How to support a mother with PND – some helpful tips for friends and family.

  • Learning to listen and focus on the mother with PND is probably the best thing you can do. It is important to listen without intervening at inappropriate moments and without putting your own point of view across.
  • Remember that she may feel overwhelmed and confused and lacking in concentration but give her time to gather her thoughts and try not speak over her. Also, reflecting back to her can be helpful.
  • Say it is normal to feel like this and let her know that PND is extremely common – it happens to approximately 1:7 mothers to various degrees. Reassure her that these feelings will decrease with time and eventually go as she recovers. Remind her that does she know of anyone who doesn’t recover from PND?
  • Reassure her that things will get better and it is OK to feel like this as after all she has just had a baby. Point out that given the right treatment and support she will recover although it may take time. It may also be helpful for her to know that many mothers are experiencing similar feelings, even though they are not depressed. 
  • Encourage her to focus on the positive things in her life. Perhaps even though she can’t see it now it will all be worth it in the end. Tell her that you have a child for a life time and that these feelings are just temporary. Most mothers with PND have very negative thoughts and feelings of failure, inadequacy, inability to cope etc. Try to encourage her to see the things that she is able to cope with and tell her that these will become more and more as she recovers. It may help her to keep a diary of her good and bad days allowing her to see a pattern in her recovery,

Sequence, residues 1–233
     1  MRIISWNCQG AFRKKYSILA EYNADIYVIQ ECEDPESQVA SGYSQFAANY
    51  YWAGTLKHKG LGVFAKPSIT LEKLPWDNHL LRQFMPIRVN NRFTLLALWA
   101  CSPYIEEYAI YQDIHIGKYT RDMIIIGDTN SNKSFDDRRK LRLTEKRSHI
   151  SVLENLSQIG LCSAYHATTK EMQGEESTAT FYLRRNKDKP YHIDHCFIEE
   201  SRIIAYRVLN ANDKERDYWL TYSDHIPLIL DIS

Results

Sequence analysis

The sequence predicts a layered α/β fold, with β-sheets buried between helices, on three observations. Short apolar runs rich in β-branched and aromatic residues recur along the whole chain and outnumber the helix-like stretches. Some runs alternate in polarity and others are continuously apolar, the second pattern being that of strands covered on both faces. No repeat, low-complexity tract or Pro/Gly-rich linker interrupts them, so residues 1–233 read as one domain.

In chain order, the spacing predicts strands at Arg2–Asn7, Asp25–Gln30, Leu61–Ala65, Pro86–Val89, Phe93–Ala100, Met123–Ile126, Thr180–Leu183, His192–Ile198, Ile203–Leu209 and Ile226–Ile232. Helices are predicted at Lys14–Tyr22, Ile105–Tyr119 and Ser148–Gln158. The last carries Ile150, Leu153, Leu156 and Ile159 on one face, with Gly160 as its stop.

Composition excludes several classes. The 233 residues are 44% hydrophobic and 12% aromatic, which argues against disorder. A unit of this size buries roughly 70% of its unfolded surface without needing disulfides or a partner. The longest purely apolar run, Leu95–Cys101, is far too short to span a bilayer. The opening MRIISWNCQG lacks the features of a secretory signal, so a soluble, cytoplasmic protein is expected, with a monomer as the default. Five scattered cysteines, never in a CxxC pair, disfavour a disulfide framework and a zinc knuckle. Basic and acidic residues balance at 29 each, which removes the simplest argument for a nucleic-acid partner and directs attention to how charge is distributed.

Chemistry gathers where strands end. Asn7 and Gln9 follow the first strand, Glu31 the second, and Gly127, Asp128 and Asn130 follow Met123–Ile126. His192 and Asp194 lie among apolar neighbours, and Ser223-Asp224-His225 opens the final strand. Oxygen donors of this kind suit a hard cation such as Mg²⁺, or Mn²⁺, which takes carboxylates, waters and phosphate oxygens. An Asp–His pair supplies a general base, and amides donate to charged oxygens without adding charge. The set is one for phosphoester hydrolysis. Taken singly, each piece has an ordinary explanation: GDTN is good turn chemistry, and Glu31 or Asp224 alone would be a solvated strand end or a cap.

• Try not judge her feelings and thoughts. They may be irrational or unreal to you but very real and possibly frightening for her. Being non judgemental is accepting and creating a safe environment for her to open up her feelings. Even if the mother says something that you are shocked by try not to show those but say something like ‘that must be very frightening for you’ to acknowledge her feelings.
  • Most of all is really important to tell her that the conversations you have together are in strict confidence. You want to reassure her that you can be trusted, making it safe for her to open up to you.

I haven’t met Louise face to face yet she has been amazing to talk things through on the telephone. She is understanding, empathetic and most importantly has helped to normalise this experience for me. At times I felt like I was going mad but Louise’s firsthand experience helped me to realise I wasn’t and that there was some hope. Good luck to anyone reading this and use all the support to help you through the difficult time.

Jo, Gloucestershire

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